The group continued on to Logstown, near present Murthering Town was also day Ambridge, to ask “advice and assistance,” procure referred to as provisions and help in safeguarding against French "Murdering Indians (Natives allied with the French). By November Town" 30th, they reached Murthering Town, approximately 15 miles northeast of Logstown.

The winter of 175354 was exceptionally cold, snowy and rainy, often influencing the route and timing of the trip to Fort LeBoeuf. Washington made repeated references to its severity in his journal.

Timeline: October 31 – December 1, 1753 October 31

Young George Washington departs from Williamsburg, Virginia

WAS H

AIL TR

1753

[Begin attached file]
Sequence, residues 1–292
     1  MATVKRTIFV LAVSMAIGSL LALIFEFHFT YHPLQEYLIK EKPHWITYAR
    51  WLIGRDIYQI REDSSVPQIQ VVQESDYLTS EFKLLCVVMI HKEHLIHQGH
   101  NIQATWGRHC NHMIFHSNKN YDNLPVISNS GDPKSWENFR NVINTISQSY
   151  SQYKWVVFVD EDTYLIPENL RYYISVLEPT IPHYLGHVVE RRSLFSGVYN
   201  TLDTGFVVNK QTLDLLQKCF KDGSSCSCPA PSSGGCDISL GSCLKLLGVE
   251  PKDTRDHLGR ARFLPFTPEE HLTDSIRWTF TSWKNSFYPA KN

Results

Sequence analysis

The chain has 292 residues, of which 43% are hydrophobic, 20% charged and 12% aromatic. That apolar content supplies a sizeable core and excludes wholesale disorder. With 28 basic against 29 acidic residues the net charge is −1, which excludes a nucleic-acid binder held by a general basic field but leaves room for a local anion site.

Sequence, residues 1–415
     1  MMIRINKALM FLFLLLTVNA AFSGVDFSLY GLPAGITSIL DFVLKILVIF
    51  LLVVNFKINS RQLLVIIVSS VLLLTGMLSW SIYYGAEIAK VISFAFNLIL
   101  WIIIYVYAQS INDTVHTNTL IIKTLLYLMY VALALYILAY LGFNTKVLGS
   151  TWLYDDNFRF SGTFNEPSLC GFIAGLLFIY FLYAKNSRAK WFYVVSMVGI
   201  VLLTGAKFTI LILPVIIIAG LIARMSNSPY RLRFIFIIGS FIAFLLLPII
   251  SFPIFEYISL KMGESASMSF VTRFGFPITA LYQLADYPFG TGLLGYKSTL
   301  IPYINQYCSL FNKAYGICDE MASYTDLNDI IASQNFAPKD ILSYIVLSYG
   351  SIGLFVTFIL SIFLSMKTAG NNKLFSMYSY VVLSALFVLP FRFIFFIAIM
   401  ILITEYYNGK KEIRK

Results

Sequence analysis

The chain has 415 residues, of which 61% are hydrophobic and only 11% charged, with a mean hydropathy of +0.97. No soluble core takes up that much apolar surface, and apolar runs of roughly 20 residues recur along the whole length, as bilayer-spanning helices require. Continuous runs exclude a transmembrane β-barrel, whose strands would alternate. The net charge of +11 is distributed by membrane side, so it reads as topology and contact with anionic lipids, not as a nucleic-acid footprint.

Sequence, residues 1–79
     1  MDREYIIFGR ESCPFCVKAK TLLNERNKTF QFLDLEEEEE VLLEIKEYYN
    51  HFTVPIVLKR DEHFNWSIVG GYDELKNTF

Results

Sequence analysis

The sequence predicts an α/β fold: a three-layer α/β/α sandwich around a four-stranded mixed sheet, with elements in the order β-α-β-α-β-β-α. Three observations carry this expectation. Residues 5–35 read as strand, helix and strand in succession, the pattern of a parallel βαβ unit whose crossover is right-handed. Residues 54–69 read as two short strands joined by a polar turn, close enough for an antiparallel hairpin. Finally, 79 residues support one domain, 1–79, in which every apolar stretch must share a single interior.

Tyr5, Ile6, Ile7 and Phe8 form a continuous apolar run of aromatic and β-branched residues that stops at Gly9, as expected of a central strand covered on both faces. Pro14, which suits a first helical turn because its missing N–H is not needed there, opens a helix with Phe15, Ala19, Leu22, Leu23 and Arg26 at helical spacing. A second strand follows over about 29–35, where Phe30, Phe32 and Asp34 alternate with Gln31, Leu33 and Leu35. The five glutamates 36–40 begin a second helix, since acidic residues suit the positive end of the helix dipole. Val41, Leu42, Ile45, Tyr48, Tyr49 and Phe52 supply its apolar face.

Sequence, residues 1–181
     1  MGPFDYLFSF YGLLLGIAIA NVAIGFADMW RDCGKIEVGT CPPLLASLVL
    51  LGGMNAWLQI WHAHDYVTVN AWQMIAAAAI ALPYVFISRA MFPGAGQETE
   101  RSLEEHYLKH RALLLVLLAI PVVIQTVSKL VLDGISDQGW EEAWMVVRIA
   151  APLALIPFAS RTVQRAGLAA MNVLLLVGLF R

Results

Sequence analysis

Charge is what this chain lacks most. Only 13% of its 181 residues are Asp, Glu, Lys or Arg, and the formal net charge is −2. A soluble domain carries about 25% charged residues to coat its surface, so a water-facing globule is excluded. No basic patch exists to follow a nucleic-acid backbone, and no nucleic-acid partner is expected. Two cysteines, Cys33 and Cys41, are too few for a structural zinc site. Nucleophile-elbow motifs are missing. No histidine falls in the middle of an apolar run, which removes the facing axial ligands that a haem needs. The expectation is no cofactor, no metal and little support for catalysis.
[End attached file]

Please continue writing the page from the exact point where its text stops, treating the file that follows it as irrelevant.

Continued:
Welcome to Butler County, PA!

TON’S G IN

November/December 30-1 Party visits Murthering Town, a Deleware Indian village near today's Harmony, Pennsylvania

Washington arrives at the confluence of three rivers, surveying the site for a future English fort


082013

The French & Indian War is an important part of our nation’s history and in keeping with that significance, Butler County’s Washington 1753 Commemoration Committee works to raise public awareness of the mission. They have erected circular blue markers with Washington’s profile, visible in many places, and along several likely routes of his famous trip. We hope you will follow one of the path options of Washington’s first military expedition by hiking, biking or driving through beautiful Butler County, PA. We feature a multitude of places for shopping, dining, historical reference and overnight stays. Stop in to see what Washington commemorative specials might be offered.